2010 - Body Forward
St. Joseph's School – FIRST Lego League Team 3800: The Brainstormers - 2010
Front Row:Jackson S.*, Sienna H.*, Angelina L.*, Gregory S., Dallan G. (Junior Mentor), Noah H., Tommy S.*, Dominic L.. Back Row: Jay G. (Mentor), Olivia L., Roger T. (Mentor), Ryan S., Philip P., Andrew P.*, Nicholas C., Keith L., Martin P., Matthew S., and Joan D., (Team Coach - Teacher).
Not Pictured: Mark M. (Mentor). (* Members of the ‘B’ Team)
Resent article written in the Church Bulttin summarizes the competition : (by Marc Dovi)
The Brainstormers of St. Joseph School recently participated in regional qualifiers of the FIRST LEGO League competition, held at Spry Middle School in Webster. FIRST is an acronym - For Inspiration and Recognition of Science and Technology - and the competition required that a 10-member team build and program a small robot for competition, give a technical presentation on how they came up with their design and do a research project that required each team to identify a problem and research ways in which biomedical engineering can help the situation.
The Brainstormers chose "the hand" for their research project.
Before a two-judge panel, the team put on a skit where someone in the group broke a wrist but still wanted to play basketball in the big game. They went the traditional route, seeking a doctor's prognosis that would have placed the hand in a cast. They then went to a biomedical engineer, who recommended injecting a polymer into the wrist to fix the break.
The judges then questioned the team on how they came up with their project and asked how their research showed that biomedical engineering could resolve the problem. The judges were impressed and one had this to say about the team's efforts.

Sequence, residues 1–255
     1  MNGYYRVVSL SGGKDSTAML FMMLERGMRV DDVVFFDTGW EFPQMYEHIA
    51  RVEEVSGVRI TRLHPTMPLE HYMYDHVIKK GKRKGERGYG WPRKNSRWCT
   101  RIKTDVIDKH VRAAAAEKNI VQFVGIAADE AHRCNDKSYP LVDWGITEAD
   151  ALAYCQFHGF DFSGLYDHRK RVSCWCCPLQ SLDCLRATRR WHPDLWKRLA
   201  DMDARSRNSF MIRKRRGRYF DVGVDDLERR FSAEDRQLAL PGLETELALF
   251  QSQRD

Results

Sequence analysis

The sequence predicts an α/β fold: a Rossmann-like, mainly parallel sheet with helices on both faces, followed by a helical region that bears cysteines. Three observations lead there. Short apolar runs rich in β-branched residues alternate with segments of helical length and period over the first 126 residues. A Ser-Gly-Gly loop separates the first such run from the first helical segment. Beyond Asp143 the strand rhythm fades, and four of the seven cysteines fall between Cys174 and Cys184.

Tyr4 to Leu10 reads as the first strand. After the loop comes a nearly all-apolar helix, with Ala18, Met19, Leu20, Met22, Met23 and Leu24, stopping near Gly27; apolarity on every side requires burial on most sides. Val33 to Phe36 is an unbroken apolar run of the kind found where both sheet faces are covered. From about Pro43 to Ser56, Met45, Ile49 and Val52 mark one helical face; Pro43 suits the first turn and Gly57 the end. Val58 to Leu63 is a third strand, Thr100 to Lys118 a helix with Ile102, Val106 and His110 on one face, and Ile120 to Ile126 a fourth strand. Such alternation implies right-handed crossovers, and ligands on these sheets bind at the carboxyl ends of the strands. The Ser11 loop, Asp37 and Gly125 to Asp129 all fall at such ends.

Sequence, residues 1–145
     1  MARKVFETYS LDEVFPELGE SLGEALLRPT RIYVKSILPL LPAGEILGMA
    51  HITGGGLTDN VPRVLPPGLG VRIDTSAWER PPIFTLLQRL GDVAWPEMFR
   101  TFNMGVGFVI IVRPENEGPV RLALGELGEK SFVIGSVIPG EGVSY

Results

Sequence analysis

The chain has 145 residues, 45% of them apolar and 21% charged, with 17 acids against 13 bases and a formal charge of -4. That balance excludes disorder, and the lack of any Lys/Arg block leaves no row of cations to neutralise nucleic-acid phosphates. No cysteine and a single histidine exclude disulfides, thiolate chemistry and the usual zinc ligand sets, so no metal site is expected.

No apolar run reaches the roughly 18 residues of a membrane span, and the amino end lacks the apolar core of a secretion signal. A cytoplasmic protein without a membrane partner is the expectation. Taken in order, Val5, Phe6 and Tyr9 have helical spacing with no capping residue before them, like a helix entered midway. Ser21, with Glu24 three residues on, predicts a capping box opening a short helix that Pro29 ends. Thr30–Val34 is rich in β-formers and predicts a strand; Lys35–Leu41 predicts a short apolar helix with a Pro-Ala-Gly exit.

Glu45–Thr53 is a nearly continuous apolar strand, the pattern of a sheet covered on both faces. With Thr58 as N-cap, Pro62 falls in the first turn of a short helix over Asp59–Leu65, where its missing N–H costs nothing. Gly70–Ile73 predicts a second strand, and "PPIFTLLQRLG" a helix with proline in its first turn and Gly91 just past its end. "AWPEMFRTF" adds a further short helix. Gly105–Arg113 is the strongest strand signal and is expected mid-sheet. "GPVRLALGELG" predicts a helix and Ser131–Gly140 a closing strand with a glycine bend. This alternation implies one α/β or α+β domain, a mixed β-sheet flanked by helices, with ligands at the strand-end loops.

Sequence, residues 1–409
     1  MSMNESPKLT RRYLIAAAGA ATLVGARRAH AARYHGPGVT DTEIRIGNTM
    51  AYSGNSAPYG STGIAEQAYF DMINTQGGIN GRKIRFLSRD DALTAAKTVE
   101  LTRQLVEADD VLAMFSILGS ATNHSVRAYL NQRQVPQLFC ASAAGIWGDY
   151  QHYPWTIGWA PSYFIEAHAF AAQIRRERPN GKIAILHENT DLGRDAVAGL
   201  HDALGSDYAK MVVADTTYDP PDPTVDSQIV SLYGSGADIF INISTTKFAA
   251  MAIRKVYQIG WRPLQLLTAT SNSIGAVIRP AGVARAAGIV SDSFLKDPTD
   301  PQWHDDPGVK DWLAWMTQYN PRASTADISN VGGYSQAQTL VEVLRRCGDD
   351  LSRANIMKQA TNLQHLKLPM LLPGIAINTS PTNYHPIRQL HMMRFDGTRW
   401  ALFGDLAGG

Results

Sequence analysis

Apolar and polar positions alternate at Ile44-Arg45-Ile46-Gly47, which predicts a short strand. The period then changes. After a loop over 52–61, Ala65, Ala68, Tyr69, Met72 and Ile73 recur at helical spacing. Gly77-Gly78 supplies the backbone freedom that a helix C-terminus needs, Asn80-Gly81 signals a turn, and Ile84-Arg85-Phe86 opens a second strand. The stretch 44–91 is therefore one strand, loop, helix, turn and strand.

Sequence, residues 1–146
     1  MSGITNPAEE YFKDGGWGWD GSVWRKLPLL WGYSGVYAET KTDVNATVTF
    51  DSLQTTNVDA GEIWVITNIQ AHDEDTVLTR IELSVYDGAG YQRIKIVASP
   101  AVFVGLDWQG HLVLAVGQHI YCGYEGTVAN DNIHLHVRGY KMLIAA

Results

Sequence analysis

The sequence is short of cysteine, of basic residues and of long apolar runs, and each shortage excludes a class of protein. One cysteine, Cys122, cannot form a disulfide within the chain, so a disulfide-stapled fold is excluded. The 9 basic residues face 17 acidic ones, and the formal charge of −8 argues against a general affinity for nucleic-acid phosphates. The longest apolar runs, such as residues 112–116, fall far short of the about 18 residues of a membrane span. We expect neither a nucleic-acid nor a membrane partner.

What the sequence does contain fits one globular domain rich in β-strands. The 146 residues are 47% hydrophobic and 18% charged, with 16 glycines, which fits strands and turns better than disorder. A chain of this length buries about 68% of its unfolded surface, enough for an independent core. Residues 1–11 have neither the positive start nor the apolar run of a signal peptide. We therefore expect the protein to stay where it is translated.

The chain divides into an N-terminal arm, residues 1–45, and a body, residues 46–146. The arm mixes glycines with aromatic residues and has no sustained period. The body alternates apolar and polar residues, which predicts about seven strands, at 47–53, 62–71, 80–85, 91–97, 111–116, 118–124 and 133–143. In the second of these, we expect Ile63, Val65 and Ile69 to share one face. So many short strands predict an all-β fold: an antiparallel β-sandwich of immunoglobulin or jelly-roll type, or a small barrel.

"Great, creative, clear presentation. Evident you all worked together and everyone was knowledgeable . Great research talking with a lot of professional."
Another added this: "Good understanding of mechanical design."
Both judges had this to say about our St. Joseph School team: "Very polite and courteous" and "Liked that you raised your hands to answer questions."
The Brainstormers had been prepped by health professionals during their research; Bernadette Palermo, a parent of two team members and a physician's assistant, had given the Brainstormers an overview of the human body, and Tracy Giacobbi, a parent of St. Joseph students and a physical therapist, gave a presentation in the early part of the team's development.
The choice of the hand as their subject went along with the theme of this year's competition, "Body Forward."
"This was a rookie team," said mentor Jay Giacobbi. "And they showed themselves to be very well-prepared during their presentation. It was great to see."
What was also great to see, Giacobbi mentioned, was the teamwork involved. "These students are fourth-, fifth- and sixth-graders but not everyone knew everyone else when we began. So, we split them up into pairs and each had to work on a 'mission,' and they just really came together and worked well together."
The 'missions' are part of the third portion of the competition, in which the team builds and programs a small robot and then "asks" it to do certain tasks. They can attempt up to 14 "missions." Each team was given three attempts, with the highest score counting among the three. The Brainstormers scored a 135, a personal best, on their second mission.
"That was something to see," said team coach and PreK teacher Joan Doyle, who noted that the team's practice runs had netted only 80 points. "It all just went right, and they did a marvelous job showing what they had learned."
Giacobbi said that it was exciting to see team members between practice runs "working in the pits to improve or perfect" their programming.
"Seeing kids with that kind of engagement is really something great," he said.
The team, which consists of a 10-member 'A' team that included Nicholas Caterisano, Noah Henry, Dominic Lamb, Olivia Laniak, Keith Lynd, Philip Palermo, Martin Petrauskas, Gregory Sanders, Matthew Schwab and Ryan Sheridan, and a 'B' team or junior team of Sienna Henry, Angelina Lynd, Tommy Sanders, Jackson Sickler and Andrew Palermo. The 'B' team had Dallan Goldblatt as a junior mentor, and in addition to Mrs. Doyle and Mr. Giacobbi, mentors also included Roger Triplett and Mark Mascadri.
The purpose of the 'B' team, according to Giacobbi, is to introduce younger students to the experience so that can move up and compete in future competitions. And Doyle noted that they created buttons that were a "coveted" item at the competition. The 'B' team also was instrumental in the original T-shirt design that the Brainstormers wore at the event.